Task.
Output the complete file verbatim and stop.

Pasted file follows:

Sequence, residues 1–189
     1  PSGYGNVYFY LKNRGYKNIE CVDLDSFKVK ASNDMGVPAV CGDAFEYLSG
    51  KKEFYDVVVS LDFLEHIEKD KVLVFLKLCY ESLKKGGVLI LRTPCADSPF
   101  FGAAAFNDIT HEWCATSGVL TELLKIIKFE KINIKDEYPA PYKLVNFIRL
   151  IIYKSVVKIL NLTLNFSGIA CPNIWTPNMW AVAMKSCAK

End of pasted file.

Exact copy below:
Sequence, residues 1–189
     1  PSGYGNVYFY LKNRGYKNIE CVDLDSFKVK ASNDMGVPAV CGDAFEYLSG
    51  KKEFYDVVVS LDFLEHIEKD KVLVFLKLCY ESLKKGGVLI LRTPCADSPF
   101  FGAAAFNDIT HEWCATSGVL TELLKIIKFE KINIKDEYPA PYKLVNFIRL
   151  IIYKSVVKIL NLTLNFSGIA CPNIWTPNMW AVAMKSCAK